The feelings of many Zimbabweans are crystallised in Orwell’s character, Clover. As she reflected on Napoleons cruel retribution on those who were charged with plotting against the leadership, she was filled with many questions. She remembered how they had all yearned for a society in which all animals were set free from hunger and the whip, all equal, each working according to his capacity, where the weak were protected by the strong. In contrast, she was living in a time where no one dared speak his mind, where fierce, growling dogs roamed everywhere and where one witnessed fellow comrades put to death. In addition, she was further confused by the constant revision of the 7 commandments which were the cornerstone of animalism.
At the convenience of the pigs, some of the animals’ guiding principles changed. For instance, ‘No animal shall kill another animal,’ had ‘without reason’ inserted at the end, in order to justify Napoleons butchering of the ‘traitors’. The word Gukurahundi immediately springs to mind. Gukurahundi is a euphemism used to describe the killing of more than 20 000 people in Matabeleland in the early 1980’s. All those killed were labelled dissidents who wanted to destabilise the country. To date this is still an emotive subject which attracts fierce, passionate and divergent views – often with tribal connotations.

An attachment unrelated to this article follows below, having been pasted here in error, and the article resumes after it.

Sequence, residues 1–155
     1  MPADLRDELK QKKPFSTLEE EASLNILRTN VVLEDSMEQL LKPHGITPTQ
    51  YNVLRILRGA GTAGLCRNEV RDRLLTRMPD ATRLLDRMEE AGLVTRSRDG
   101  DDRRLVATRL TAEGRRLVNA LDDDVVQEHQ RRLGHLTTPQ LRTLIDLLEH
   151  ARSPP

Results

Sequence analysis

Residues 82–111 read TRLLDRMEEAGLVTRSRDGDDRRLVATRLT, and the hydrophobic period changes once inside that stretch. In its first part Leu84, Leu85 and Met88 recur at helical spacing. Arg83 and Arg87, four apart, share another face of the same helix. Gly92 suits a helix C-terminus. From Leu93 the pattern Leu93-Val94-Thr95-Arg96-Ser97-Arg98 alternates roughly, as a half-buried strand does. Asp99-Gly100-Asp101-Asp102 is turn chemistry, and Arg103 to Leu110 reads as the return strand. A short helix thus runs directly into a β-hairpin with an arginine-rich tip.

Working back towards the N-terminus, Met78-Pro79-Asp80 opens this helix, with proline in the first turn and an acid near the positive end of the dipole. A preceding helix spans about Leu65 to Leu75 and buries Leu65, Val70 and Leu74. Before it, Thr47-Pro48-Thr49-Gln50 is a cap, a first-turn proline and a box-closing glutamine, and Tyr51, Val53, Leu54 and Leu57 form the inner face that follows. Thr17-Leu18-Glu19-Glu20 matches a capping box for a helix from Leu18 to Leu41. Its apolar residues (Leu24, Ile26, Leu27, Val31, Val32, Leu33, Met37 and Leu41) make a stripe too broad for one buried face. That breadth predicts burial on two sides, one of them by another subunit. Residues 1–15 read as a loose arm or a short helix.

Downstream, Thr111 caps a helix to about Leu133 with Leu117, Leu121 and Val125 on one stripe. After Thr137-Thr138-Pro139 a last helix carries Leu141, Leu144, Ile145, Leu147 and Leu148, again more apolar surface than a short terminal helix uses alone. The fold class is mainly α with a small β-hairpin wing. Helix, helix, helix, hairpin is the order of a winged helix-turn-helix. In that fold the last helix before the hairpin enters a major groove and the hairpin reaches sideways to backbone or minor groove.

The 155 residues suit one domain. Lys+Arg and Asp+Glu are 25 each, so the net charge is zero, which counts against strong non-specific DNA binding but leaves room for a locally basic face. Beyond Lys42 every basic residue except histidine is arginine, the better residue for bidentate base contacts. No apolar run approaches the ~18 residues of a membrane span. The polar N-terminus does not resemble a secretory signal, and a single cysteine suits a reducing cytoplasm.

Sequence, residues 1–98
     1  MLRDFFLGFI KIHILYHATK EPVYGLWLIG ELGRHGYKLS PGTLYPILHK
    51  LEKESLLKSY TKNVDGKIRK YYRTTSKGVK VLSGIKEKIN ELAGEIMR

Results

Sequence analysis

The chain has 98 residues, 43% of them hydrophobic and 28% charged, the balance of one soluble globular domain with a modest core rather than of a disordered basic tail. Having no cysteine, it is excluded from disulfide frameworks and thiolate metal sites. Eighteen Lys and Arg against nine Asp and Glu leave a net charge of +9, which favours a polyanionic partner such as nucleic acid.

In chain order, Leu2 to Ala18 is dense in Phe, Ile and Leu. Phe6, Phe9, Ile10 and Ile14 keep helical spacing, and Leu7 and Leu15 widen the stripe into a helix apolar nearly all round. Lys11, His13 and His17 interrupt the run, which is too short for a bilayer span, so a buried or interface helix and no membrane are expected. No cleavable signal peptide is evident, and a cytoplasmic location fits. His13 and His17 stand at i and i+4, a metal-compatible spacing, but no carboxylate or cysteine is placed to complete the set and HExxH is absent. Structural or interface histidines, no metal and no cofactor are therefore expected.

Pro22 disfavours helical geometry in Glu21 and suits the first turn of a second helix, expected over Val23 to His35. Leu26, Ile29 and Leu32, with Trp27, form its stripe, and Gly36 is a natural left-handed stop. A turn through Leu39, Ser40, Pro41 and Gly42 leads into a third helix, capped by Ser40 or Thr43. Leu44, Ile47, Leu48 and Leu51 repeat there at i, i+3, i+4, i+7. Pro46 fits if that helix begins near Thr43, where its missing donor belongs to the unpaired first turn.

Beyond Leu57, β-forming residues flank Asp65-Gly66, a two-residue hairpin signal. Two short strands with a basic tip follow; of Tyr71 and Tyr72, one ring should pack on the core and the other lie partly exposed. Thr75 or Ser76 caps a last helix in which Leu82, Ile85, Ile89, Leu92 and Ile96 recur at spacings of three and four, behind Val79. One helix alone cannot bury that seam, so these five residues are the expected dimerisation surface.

It was the dogs though that made the difference for Napoleon. Vicious, obedient and well fed, they struck terror into the hearts of all other animals on the farm. Such is the power of the army, the secret intelligence (CIO) and the police that, their deterrence has made the difference too for Mugabe.